This is a good place to ask so why the cut out? Why not the one by two on the front and back. OK I have not worked with them that is why I ask. I do find just a dado cut is not good. Hard to get the gloved fingers in. I am wondering what would be the problem with a four way pallet with the boards.

    I have not found a good solution for the cut out with out a sharper and a custom blade. So just asking.

  9. #9
    Join Date
    Jul 2008
    Location
    OKC, OK USA
    Posts
    2,869

    Default Re: Cutting Hand Holds

    I am sure the hand holes came out of the desire to stack boxes close together as in a migratory setting or just storing your empty supers in the garage.
    Mike Forbes
    Red Dirt Apiaries

  10. #10
    Join Date
    Jul 2010
    Location
    Rockford, Il
    Posts
    501

    Default Re: Cutting Hand Holds

    More wood, can't stack them close together. More holes in the box which can mean more places to rot...and I personally don't like the way it looks :-)


    ~Matt

  11. #11
    Join Date
    Jul 2011
    Location
    Evansville, IN
    Posts
    2,492

    Default Re: Cutting Hand Holds

    Those look like my Grandpa's boxes, at least the one that didn't have cleats. You can cut them fairly quickly and they will all be at the same level. Might not be as pretty as the scooped cut, but they work.

    So far I'm making mine with cleats on the narrow ends, cut with a 45 degree slope on both top and bottom to shed water and give a more solid grip (my brother and I have big hands, those cutouts are fingertip holds for us, and a pain when a super is full).

    Might re-think that if I needed to pallet hives, but I don't see that happening any time soon.

    Peter

  12. #12
    Join Date
    Jan 2011
    Location
    Clackamas Oregon
    Posts
    737

    Default Re: Cutting Hand Holds

    Way too easy. Do you have anything more complicated? I feel really stupid when I see something as simple as drawing a line on the fence. I was doing frames this weekend and did just that. Now I have a way to reproduce the same fence location for different size frames. I was doing your hand hold method without the markings and put a dato in the side in the position it should have been in the front. Now I know how to fix stupid.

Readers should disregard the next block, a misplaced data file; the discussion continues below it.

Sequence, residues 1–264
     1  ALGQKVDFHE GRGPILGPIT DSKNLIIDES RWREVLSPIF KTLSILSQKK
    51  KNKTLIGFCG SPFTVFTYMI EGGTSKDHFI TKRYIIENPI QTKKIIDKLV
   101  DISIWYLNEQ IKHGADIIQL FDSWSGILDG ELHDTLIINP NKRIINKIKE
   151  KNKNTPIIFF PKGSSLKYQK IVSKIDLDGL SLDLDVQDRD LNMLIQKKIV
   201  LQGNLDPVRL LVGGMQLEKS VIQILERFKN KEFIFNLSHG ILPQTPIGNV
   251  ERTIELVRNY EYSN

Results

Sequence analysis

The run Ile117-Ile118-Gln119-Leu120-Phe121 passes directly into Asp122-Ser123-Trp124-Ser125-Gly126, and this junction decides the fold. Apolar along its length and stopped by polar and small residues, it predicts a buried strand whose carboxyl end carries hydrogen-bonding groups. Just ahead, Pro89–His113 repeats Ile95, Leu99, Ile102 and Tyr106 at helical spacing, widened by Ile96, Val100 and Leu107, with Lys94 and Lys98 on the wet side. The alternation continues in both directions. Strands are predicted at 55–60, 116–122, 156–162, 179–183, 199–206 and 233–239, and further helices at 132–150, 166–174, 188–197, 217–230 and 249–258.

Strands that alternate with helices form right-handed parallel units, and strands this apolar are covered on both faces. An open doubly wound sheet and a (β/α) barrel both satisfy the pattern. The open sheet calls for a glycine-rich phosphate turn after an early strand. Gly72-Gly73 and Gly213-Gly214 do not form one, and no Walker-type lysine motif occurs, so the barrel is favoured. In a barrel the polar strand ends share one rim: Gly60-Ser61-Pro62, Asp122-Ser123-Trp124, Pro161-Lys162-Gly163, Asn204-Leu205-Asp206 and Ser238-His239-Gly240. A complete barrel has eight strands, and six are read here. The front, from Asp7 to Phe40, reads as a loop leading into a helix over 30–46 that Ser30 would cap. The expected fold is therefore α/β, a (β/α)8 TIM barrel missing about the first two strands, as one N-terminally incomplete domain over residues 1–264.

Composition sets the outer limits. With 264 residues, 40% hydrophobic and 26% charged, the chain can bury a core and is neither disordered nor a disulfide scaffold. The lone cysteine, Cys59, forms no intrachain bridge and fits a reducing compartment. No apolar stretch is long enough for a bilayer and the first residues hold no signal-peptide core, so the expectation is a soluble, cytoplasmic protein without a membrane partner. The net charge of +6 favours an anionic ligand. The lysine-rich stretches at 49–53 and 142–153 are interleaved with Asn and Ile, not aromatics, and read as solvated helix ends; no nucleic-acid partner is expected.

“Why do we fall, sir? So that we might learn to pick ourselves up” Alfred Pennyworth Batman Begins (2005)

  13. #13
    Join Date
    Jan 2009
    Location
    Cookeville, TN, USA
    Posts
    4,071

    Default Re: Cutting Hand Holds

    Cleats are simple and easier to pick up - IMHO, but boxes with cut outs will stand nicely on end during inspections, and don't require the 2 extra pieces of wood.

    In my wood working experience it is usually faster, and more economical to make more cuts on fewer pieces of wood - more pieces mean more assembly steps, and of course more wood. Cleats may look like scraps, but they aren't free.

  14. #14
    Join Date
    Jul 2009
    Location
    Chippew County, WI, USA
    Posts
    650

    Default Re: Cutting Hand Holds

    I have used cleats before and they make painting such a pain in the rear end I canst stand it. Also, wrapping hives come winter with cleats is a huge rear end pain. I have started using the table router to plung cut hand holds just the same way as with the dado on a table saw. If some one has a huge set of fingers than use a wider cut. I use a 3/4 bit but you could use an inch if need be. Cant imagine a finger tip much wider than that. Hand holds are nice to though for lifting heavy honey supers but not worth all the other hassle in my opinion.

Tags for this Thread

Bookmarks

Posting Permissions

  • You may not post new threads
  • You may not post replies
  • You may not post attachments
  • You may not edit your posts
  •  
Ads